Irritable bowel syndrome (IBS) is a chronic digestive system condition that causes stomach spasms, pain, bloating, diarrhoea and constipation.
IBS affects people for the long term, and many suffer from it for life.
However, on most tests, the gastrointestinal function appears normal, so it is often referred to as a 'functional' disorder.
There is no cure, but some people successfully manage their symptoms with medication and diet changes.
According to Bupa, nearly 2 in ten people in the UK have IBS.
It can start at any age, although it's most common for the first symptoms to begin between the ages of 20 and 30.
It's also twice as likely to occur in women than in men.
Pain and symptoms from IBS are generally not continually present but occur as attacks. The most common symptoms of IBS include:
- Stomach pain
- Stomach spasms
- Feeling uncomfortably full and bloated
- Suddenly needing to go to the toilet
- Passing mucus
- Lack of energy
For some people, IBS begins after a severe stomach bug or even after a particularly stressful experience.
Sometimes attacks can be linked to certain foods or feelings of anxiety, but so far, doctors have been unable to understand a common cause.
Some conditions that appear to indicate the onset of IBS include:
- Abnormalities in the stretching and contractions of the gut
- Immune system problems
- High levels of bacteria, viruses or fungi in the gut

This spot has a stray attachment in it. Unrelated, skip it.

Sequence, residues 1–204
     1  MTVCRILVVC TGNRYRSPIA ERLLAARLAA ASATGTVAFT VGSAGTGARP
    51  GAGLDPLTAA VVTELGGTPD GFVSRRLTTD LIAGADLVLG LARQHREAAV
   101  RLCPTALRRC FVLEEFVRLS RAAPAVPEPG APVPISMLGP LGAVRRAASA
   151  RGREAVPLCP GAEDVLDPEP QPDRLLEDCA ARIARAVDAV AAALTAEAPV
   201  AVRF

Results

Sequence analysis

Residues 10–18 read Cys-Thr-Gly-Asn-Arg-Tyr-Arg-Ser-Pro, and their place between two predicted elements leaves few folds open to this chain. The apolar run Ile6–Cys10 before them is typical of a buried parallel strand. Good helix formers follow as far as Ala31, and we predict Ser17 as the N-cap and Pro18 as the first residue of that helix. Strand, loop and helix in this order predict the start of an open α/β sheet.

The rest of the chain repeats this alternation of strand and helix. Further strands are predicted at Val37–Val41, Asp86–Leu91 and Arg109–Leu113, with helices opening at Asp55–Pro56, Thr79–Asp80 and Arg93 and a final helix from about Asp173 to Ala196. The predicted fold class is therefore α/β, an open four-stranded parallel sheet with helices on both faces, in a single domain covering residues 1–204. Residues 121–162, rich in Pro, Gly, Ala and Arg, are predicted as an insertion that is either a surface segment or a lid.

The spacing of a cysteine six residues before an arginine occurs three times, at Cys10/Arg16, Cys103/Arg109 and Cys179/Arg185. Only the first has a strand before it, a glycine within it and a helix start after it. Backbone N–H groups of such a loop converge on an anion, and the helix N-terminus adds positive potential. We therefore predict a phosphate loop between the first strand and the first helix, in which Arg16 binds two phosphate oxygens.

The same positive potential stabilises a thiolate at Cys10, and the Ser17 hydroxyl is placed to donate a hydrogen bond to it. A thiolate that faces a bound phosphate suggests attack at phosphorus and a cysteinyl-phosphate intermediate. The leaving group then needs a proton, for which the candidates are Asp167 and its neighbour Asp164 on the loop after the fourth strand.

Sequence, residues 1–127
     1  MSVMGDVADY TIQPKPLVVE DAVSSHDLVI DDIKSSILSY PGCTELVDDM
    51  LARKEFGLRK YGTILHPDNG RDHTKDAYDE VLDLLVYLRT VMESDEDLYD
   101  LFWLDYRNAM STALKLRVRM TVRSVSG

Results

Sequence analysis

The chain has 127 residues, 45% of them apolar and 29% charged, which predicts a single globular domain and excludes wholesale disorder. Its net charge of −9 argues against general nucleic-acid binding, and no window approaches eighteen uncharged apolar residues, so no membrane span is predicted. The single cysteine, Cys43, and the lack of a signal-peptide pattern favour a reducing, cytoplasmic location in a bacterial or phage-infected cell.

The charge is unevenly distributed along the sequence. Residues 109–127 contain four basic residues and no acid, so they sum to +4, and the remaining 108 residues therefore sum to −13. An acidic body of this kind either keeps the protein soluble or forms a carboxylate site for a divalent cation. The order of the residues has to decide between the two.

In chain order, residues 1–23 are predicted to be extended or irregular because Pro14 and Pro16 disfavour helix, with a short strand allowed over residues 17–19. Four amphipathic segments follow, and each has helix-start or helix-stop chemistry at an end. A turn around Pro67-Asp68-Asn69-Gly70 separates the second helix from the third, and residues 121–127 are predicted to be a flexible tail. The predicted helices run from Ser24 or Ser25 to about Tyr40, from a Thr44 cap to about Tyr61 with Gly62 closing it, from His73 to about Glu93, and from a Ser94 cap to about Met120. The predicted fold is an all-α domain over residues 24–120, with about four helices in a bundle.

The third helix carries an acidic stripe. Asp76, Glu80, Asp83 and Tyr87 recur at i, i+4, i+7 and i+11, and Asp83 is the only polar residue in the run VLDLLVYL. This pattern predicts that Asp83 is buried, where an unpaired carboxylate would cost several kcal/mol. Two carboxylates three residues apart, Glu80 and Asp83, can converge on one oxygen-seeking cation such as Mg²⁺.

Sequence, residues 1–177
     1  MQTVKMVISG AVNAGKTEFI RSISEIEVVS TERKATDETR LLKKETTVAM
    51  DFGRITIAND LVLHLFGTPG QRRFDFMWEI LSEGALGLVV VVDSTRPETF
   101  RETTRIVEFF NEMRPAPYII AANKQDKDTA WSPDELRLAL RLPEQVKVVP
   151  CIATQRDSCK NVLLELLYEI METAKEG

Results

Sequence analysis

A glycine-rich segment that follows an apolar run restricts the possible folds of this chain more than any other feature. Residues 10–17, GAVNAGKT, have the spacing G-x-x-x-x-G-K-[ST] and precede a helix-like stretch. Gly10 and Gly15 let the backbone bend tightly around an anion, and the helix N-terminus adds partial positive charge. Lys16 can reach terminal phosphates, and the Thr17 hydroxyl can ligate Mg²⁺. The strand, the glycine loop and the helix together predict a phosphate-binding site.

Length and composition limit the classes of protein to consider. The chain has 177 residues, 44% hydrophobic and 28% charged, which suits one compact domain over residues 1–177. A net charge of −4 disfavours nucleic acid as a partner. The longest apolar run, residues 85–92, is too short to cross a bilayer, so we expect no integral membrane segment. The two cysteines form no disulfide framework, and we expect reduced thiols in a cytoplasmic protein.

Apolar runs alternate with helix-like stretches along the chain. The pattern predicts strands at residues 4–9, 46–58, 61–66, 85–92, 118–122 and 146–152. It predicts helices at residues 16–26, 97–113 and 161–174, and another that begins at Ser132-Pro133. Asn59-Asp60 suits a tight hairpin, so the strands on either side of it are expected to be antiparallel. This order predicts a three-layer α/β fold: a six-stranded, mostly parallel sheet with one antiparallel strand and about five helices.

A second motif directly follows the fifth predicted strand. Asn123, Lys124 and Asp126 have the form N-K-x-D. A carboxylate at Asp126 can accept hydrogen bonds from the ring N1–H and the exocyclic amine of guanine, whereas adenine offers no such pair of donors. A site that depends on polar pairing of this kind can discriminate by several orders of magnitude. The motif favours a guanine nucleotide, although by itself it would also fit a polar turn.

- Communication problems between the gut and brain.
What is CBD?
CBD is one of over 100 cannabinoids found in plants of the cannabis genus.
It's non-intoxicating and is extracted from hemp to be used as a food supplement.
The CBD extract is combined with other beneficial ingredients to make a range of products, including oils, capsules, e-liquids or gummies.
When you consume CBD, it enters your cells and tissues and interacts with various chemical messenger molecules, enzymes and receptors.
These interactions support your body's ability to restore your body systems to a state of healthy balance.
Learn more about CBD with our guide: CBD 101 – Everything you need to know
CBD and Your Endocannabinoid Tone
CBD works in your body in many different ways, but one of the most vital interactions is how it stimulates the endocannabinoid system (ECS) and raises your endocannabinoid tone:
What is the endocannabinoid system?
The endocannabinoid system is a collection of signal molecules (endocannabinoids), receptors and enzymes.
It's active throughout the body, particularly in the central and peripheral nervous systems.
When the ECS is activated, it makes tiny chemical adjustments that enhance the signalling capacity of cells within your body.
This allows your body systems to communicate effectively and quickly restore a healthy balance following damage or illness.
What is endocannabinoid tone?
Endocannabinoid tone refers to the level of potential endocannabinoid activity in your body and the ability of your endocannabinoid system to respond to any problems.
Several factors can affect this, including genetics, diet, stress, and disease.
If your endocannabinoid tone is low, your endocannabinoid system is unlikely to be able to restore your body systems to a state of healthy balance.
As a result, you may feel unwell or experience symptoms related to anxiety.
Regular consumption of CBD can stimulate the action of your endocannabinoid system (ECS) and raise your tone.
To learn more about how CBD raises your endocannabinoid tone, you can read our article: Endocannabinoid Tone and CBD